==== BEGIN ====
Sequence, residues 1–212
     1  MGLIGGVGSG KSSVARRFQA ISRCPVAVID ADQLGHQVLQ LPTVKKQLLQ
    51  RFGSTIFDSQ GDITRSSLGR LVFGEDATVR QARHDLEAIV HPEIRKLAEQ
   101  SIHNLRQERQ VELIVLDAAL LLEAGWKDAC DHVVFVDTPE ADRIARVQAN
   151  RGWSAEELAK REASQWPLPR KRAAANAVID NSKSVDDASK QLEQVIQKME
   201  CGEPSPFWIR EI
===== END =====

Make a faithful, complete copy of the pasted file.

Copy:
Sequence, residues 1–212
     1  MGLIGGVGSG KSSVARRFQA ISRCPVAVID ADQLGHQVLQ LPTVKKQLLQ
    51  RFGSTIFDSQ GDITRSSLGR LVFGEDATVR QARHDLEAIV HPEIRKLAEQ
   101  SIHNLRQERQ VELIVLDAAL LLEAGWKDAC DHVVFVDTPE ADRIARVQAN
   151  RGWSAEELAK REASQWPLPR KRAAANAVID NSKSVDDASK QLEQVIQKME
   201  CGEPSPFWIR EI